"It was only when I leaned over to place a kiss on his forehead, still warm, smooth, and calm, that the little girl inside me woke up, her child’s body quivered, and with it the very ancient, deep, silent, faithful imprint of this body beside it, these arms that had carried here, cradled her, the shoulders against which she had pressed her face, the hand that, at bedtime, would draw magical signs on her forehead to accompany her into sleep, to protect her from the night, this child’s body, awoken in an instant, was in an instant crushed, town away, rooted out, along with him who had given her life, leaving her, the adult, more empty and hollow than a young woman who has just given birth. The madness of death, of the body, that remains, stranded, opaquely, stubbornly present, a monumental stone inscribed with sins now forever meaningless, madness of being torn apart by presence and absence, and of the days that followed when I sensed him lying there, worried and weighty, in a cold room by the Seine, kept back on the bank, frustrated in his desire, the great desire that had long been his, for nothingness, yes, to that I would have preferred annihilation, the void striking like lightning, a shipwreck with all hands, anything but this uncertain place … "

-No One, Gwenaelle Aubry

Body of Words

"You can’t lose a father, particularly a father who was lost, or lost himself. It was perhaps while he was alive that we lost him, that we no longer knew who or where he was. Now that he’s dead we gather up what he left, the crumbs and pebbles strewn through the forests of his anxiety, the treasure and the wreckage; we construct a void, we sculpt an absence, we seek out a form for what remains of him in us and has always been a temptation toward formlessness, a threat of chaos; we seek out words for what was always the secret, silent part in us, a body of words for a man who has no grace, a castle of presence to protect his absence."
-No One, Gwenaelle Aubry

Writing exercises.

In Fear, Expectations, Anticipation and Hope

Georgia experiences all of these when she jumps from a tree in the backyard. She says: What if the ground falls away? What if the ground runs away? What if I have hollow bones like a bird? What if I just fall fall fall like a normal person? I tell her one time I jumped and my hair caught and I swung like a tangled Rapunzel and no one was there but 28 chickens who teased and tickled my feet and checked for worms. Georgia asks if they found any and now she won’t jump because she’s afraid there are worms in my toes and now she wants to jump because she wants to see them. Maybe she can build a worm farm and maybe they’ll be good pets and I say: Georgia, there are no worms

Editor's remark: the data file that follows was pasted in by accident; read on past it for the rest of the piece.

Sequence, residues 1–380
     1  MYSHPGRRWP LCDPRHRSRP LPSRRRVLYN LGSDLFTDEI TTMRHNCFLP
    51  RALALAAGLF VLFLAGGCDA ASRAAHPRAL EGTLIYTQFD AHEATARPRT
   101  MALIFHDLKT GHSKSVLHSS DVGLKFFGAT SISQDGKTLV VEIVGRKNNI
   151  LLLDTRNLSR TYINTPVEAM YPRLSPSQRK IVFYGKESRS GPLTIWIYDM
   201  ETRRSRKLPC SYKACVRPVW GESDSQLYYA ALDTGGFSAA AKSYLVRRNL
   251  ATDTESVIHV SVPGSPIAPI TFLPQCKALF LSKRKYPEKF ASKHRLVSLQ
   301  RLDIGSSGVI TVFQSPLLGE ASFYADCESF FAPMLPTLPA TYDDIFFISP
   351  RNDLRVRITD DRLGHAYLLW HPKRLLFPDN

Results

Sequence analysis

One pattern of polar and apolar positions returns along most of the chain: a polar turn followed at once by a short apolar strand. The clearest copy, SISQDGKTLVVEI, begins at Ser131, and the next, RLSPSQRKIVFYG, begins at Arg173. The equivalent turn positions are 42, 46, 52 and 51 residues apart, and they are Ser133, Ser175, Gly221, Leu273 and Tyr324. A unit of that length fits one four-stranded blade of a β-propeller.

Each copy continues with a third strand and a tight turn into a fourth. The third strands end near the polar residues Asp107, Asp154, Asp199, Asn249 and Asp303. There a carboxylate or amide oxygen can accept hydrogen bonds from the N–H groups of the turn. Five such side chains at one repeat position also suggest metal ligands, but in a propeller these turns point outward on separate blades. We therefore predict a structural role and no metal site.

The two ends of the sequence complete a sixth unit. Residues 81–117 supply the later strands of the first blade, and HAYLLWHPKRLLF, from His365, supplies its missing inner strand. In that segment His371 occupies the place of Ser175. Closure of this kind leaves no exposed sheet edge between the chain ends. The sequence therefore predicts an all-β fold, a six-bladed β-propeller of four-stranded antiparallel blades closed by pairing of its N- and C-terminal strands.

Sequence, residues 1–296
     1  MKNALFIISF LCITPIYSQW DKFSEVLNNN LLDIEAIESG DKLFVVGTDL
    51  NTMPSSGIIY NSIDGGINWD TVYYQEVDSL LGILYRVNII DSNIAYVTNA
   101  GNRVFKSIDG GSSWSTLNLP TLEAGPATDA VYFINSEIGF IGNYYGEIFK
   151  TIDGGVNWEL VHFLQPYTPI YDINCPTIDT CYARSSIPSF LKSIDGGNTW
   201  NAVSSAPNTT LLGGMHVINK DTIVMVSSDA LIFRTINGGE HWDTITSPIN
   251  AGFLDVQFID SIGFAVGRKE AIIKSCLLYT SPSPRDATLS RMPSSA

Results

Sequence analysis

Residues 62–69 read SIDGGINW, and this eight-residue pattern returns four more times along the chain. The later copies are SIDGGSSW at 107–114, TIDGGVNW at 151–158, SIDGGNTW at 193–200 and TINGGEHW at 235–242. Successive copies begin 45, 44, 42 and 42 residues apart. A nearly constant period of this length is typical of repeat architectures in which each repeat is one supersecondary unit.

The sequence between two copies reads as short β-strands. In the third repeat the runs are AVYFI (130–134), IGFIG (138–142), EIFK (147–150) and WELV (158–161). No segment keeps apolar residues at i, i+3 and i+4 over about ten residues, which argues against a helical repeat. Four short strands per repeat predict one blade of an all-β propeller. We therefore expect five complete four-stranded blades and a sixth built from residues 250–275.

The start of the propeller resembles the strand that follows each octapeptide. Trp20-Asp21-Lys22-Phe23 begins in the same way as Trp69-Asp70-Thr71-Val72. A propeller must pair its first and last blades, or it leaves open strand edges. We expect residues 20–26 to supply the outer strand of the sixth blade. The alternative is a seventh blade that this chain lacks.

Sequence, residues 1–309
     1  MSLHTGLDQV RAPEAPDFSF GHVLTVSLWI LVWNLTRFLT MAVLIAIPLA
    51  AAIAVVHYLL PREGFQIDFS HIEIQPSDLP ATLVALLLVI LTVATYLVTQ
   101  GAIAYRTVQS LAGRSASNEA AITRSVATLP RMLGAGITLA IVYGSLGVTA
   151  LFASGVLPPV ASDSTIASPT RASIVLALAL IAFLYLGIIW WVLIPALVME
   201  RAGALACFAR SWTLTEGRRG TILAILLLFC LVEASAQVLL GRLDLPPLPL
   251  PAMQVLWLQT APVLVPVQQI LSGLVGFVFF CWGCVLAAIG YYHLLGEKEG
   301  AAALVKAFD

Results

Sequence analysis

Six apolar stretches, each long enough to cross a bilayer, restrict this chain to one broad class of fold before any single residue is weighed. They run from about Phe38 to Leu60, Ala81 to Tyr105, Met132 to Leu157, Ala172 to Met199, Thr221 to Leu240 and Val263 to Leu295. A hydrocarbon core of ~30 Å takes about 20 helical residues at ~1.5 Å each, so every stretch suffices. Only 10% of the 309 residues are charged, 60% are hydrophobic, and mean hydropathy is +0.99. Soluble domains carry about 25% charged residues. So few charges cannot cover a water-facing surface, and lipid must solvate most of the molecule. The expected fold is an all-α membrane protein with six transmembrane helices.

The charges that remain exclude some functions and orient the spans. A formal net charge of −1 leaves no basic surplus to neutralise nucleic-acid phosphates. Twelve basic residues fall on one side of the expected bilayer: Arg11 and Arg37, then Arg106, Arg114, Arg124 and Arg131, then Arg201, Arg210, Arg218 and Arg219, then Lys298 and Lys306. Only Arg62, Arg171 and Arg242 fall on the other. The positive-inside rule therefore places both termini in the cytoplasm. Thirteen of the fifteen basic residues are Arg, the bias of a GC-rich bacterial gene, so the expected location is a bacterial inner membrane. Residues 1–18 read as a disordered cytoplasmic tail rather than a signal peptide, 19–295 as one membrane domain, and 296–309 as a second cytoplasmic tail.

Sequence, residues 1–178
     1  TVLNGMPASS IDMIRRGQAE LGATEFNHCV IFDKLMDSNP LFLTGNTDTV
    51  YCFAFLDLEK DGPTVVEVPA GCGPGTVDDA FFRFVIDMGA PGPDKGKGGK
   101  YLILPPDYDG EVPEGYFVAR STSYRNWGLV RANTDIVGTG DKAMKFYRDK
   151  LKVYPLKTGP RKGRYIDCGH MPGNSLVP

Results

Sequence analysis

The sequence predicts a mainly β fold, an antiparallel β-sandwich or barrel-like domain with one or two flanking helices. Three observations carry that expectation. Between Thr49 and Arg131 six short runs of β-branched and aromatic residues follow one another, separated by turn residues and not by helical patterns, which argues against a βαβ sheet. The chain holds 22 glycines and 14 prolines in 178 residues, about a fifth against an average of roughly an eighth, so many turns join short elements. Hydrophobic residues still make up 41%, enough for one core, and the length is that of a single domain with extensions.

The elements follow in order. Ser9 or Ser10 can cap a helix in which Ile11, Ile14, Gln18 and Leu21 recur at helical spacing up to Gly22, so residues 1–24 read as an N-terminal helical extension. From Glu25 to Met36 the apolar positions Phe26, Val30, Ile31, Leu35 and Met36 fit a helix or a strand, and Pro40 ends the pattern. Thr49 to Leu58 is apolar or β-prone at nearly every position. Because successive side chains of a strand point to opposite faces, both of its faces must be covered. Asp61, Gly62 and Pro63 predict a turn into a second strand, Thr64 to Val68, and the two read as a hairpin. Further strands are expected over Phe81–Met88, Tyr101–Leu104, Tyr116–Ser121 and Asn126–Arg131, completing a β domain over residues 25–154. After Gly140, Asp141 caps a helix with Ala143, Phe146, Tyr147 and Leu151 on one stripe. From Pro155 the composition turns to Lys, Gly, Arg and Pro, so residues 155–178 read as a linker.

Recent Writes.

Skin

You once told me: “The scar on my back is from a stab wound.”

Someone had wanted to pull your insides out like fig

                                                                                    marionberry

                                                                                                jam.

Someone wanted to taste your jammy insides on sourdough toast.

In the middle of the day I bike under book leaves.

                        my eyes shrink everything

                                                I am in a miniature book leaf fort.             It is dark.

I can smell the leaves, recently saturated with November.

In the blackness I punctuate my time with my pedals:    ,              ;             ,            /            /            .

I might like to taste your skin—unzip your insides

                                                            starting from your scar.

I wouldn’t waste your entrails: I’d put them in the compost.

But I’d start with the skin of your stomach:                        tender.

                        Swallow.

                                                I’d swallow your skin and feel it fold in neat piles in my belly.

I’d wait for your scar to appear on my back: I’d wait for your skin to weld against mine.